Schemas and memory in the primate cortex


Title: Schemas and memory in the primate cortex
Directors: Sylvia WIRTH & Sze Chai KWOK
Discipline: Cognitive sciences
Status: Incubating Project
Starting date: 2020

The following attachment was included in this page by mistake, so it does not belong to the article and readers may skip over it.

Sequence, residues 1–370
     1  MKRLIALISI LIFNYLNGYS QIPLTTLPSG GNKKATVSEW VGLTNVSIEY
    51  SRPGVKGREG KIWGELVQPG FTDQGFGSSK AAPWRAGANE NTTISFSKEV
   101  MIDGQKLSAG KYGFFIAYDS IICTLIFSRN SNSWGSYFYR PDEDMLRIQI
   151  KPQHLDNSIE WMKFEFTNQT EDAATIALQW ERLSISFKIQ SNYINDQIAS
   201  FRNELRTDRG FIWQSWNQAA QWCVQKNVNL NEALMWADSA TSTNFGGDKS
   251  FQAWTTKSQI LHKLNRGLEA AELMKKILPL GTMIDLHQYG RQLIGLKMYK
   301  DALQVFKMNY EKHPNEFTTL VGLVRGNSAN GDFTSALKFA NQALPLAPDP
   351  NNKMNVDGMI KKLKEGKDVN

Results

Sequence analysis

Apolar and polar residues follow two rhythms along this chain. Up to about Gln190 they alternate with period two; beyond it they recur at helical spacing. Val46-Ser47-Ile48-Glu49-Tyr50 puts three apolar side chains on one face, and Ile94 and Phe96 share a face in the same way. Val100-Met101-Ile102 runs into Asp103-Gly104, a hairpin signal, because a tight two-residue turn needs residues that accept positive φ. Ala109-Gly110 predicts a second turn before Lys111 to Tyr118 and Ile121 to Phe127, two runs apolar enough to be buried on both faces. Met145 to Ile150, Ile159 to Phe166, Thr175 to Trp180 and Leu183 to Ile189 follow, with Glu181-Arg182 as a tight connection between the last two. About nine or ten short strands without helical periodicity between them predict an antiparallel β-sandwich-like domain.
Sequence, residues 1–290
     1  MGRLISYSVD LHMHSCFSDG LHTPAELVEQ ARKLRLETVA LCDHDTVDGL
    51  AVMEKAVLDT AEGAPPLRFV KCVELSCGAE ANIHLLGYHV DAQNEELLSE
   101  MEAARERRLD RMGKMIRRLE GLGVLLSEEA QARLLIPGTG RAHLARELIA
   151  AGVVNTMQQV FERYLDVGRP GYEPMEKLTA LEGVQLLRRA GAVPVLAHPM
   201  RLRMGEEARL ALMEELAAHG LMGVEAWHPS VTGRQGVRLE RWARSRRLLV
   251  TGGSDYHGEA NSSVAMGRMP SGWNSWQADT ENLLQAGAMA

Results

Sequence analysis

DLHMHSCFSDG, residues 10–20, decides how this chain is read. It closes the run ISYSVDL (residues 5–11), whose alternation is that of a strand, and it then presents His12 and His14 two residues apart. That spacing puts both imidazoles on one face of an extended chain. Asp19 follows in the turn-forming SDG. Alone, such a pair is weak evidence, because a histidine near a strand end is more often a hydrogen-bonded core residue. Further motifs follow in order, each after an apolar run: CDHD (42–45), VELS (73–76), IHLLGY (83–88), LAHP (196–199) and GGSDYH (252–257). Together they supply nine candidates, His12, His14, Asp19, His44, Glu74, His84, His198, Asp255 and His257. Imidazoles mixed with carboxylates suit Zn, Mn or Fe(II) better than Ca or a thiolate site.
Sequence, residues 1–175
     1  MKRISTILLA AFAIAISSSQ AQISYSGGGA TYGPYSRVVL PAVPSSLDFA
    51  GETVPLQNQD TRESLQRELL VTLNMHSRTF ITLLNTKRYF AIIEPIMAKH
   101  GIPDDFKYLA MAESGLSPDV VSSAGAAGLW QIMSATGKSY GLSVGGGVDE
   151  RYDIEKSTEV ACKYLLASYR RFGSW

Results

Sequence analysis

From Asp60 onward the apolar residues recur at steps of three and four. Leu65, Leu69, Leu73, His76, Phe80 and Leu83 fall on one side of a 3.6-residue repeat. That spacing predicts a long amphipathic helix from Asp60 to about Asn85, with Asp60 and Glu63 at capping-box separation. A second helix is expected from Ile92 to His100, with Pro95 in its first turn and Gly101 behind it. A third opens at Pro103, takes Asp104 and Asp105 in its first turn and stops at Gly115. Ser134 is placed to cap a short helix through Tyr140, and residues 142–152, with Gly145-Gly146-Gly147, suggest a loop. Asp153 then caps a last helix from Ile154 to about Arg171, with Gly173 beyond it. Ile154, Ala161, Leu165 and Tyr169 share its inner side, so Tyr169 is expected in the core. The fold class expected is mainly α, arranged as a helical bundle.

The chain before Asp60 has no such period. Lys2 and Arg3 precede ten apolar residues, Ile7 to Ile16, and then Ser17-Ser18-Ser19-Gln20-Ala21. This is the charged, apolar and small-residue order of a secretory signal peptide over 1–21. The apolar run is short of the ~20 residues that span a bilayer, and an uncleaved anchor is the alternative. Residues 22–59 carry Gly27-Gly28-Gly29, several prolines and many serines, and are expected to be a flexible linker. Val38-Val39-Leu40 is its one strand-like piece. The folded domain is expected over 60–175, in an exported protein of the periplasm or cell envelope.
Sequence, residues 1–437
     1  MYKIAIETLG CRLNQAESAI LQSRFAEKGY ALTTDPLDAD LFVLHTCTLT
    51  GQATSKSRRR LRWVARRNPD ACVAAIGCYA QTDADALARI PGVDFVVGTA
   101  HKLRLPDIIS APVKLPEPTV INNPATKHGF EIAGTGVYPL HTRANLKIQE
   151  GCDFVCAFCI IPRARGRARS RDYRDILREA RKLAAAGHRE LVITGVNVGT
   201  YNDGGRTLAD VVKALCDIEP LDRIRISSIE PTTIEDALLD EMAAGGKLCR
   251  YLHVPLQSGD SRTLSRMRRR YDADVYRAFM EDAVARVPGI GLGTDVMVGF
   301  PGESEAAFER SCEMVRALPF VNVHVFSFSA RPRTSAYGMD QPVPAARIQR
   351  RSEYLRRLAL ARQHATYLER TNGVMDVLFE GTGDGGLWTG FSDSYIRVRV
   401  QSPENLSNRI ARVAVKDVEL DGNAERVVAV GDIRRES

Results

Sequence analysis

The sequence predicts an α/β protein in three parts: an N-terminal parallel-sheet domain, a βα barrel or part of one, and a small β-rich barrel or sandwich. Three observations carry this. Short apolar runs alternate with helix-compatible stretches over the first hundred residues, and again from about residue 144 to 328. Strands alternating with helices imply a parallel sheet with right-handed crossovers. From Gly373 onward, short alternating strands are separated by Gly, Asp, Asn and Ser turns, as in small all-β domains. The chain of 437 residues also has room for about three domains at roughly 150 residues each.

Episodic memories are made as we go about our daily life: what event has happened, with whom, where and when. Throughout life, we also learn to generalize across episodes, and develop mental schemas that help us to interpret the world we live in. Beyond supporting predictions about the world we live in, these schemas could also act as a scaffolding to new memories. The proposed Incubating Project (new project) for JORISS 2019 will target at neural mechanisms of episodic memory formation such as schema formation and retrieval in life-like conditions using novel behavioral paradigms and advanced neurophysiological methods on awake nonhuman primates. As related to the JORISS 2019 priority in aging research, the project aims to bring in benefits for human aging research from a basic neuroscience angle. Alongside with the global ageing problem, various kinds of neurodegenerative diseases such as dementia are getting increasingly commonplace. Memory loss, especially that of episodic details (e.g., order of events, locations, and overall schematic representation), is often the clinical symptom that predates Alzheimer's disease and dementia. The program here aims to unravel the neurobiological basis of such memory deficits, in order to elucidate the neural mechanisms of deficits related to episodic memory and ultimately provide insights into their remedies for clinicians.